Catch and Keep
IDF&G Director and Vandal Alum Credits Palouse Upbringing for Career Path
A farm pond near the foot of Moscow Mountain has Jim Fredericks’ mark on it.
Somewhere in its murk there live at least a few bullhead catfish that are offspring of ones Fredericks planted as a 11-year-old bucket biologist, just so he could catch fish close to home.
As a boy, Fredericks and his childhood friend, Joe DuPont ’88, ’93, the current fisheries manager for Idaho Fish and Game’s Clearwater Region, caught a few dozen of the spiny-finned catfish in neighboring ponds northeast of Moscow where they lived, seeding their parents’ ponds with the whiskered mud cats.
“As kids, we weren’t aware of laws related to live fish transport, we were just excited to be creating a new fishery in our back yards’,” said Fredericks, ’88, ’94, the current director of Idaho Fish and Game.
“Our bar is high, and we have a lot of U of I graduates that work for our agency.”
— Jim Fredericks, Director, Idaho Department of Fish and Game
These outdoor forays were instrumental in forming Fredericks’ career path that included earning two degrees from U of I and working 29 years as an Idaho Fish and Game biologist.
Catching bullhead catfish in farm ponds on the Palouse was Fredericks’ introduction to fishery management.
“That’s when we both learned about carrying capacity, overpopulation and fish stunting,” Fredericks said. “Funny that we both wound up working as fishery managers for IDF&G.”
Although both Fredericks and DuPont later graduated with degrees from U of I, Fredericks earned a degree in psychology — not fisheries biology — and worked at a hospital in the eastern U.S. before realizing maybe he had missed his calling.
That’s when he returned to U of I to accompany his pal in the fisheries department.
“After getting a degree in psychology in Moscow, I was working in a psychiatric hospital, and I was fully expecting to go back to graduate school and get a Ph.D. in psychology,” Fredericks said. “My friend Joe was about to enter graduate school in fisheries management, and he and I were talking a lot about our future plans. One night, after working in the hospital, I was tossing and turning, and I realized I was a lot more excited about his future than my own future.”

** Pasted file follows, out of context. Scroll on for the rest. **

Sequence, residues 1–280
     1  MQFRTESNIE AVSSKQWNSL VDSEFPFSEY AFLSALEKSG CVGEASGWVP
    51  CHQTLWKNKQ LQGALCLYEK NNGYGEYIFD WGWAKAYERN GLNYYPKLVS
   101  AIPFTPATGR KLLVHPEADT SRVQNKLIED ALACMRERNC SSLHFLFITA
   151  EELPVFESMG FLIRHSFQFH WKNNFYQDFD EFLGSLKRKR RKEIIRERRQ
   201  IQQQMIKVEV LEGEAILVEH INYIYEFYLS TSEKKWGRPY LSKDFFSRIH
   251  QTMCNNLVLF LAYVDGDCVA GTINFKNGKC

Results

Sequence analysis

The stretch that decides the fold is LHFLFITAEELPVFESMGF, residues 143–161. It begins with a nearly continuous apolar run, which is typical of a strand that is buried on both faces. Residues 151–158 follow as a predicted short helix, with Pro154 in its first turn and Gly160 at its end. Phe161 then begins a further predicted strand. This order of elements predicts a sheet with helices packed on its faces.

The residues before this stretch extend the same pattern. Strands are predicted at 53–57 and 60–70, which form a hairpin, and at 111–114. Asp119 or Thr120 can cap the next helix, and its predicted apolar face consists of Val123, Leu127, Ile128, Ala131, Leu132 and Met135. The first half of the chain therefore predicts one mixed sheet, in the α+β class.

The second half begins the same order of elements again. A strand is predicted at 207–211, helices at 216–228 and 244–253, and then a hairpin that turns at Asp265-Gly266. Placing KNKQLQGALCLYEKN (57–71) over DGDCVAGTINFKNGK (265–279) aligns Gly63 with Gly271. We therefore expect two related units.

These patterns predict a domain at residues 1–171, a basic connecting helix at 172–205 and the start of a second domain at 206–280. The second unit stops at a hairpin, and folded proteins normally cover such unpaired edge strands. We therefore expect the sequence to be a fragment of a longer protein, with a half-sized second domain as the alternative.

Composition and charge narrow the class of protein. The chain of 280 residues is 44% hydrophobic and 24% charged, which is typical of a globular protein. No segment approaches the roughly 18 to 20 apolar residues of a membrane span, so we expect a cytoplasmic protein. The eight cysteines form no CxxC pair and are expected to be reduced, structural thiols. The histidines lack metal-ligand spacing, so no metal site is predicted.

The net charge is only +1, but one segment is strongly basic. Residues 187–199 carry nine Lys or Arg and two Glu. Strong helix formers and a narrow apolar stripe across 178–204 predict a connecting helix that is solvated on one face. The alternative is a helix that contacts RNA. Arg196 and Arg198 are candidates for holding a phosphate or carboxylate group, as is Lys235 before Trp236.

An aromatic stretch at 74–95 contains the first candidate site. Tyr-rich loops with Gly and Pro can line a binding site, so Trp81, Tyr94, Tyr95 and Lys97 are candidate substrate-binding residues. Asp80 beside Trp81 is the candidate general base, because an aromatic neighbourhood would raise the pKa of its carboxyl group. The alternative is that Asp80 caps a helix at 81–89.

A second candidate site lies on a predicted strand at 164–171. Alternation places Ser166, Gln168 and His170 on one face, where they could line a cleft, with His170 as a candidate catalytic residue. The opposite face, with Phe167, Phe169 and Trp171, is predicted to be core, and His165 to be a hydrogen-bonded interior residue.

That night, Fredericks said, he went to bed a psychology major and woke up a fisheries major.
“That may have been the most important and significant night of my life,” he said.
But his new career path wasn’t as clear as moonlight on a prairie pond until a U of I professor gave Fredericks a helping hand.
“I visited with Professor David Bennett in the fisheries and wildlife department and fully expected him to tell me I was a lost cause, but of course, he was very encouraging and helped get me enrolled in courses that would prepare me for a graduate degree in fisheries,” he said.
Next, he connected with Professor Dennis Scarnecchia who studied paddlefish in the Missouri River system.
“He offered me a graduate research assistantship working on paddlefish in North Dakota,” he said. “It was the best of all possible worlds, because it gave me some diverse experience in fisheries that I wouldn’t get working on Idaho species, but still allowed me to stay at the U of I.”
Once Fredericks earned his master’s in fisheries, he started his career with IDF&G working throughout the state, including a stint as fisheries biologist, and then as regional manager in the Upper Snake and Panhandle Regions. He went to headquarters to serve as the chief of the state fisheries bureau and served as a deputy director before accepting the position of director of IDF&G in Winter 2023.
As director, Fredericks is still focused on fish stocking programs that provide opportunities for anglers in Idaho but spends more time on the wildlife management policies set by the Fish and Game Commission, which is comprised of representatives from each of the department’s seven regions. He also runs the day-to-day operations of the agency, which has 553 full-time positions and an annual budget of $150 million.
“At IDF&G, we get many of the finest fish and wildlife professionals in the country. Our bar is high, and we have a lot of U of I graduates that work for our agency,” he said.
His decision to shift to a natural resources degree and attend U of I was the life changer, he said.
“It was great for me, and I had the opportunity to get my fisheries degree in a great place. I love Idaho and the University of Idaho,” he said. “I am obviously a great fan of the College of Natural Resources.”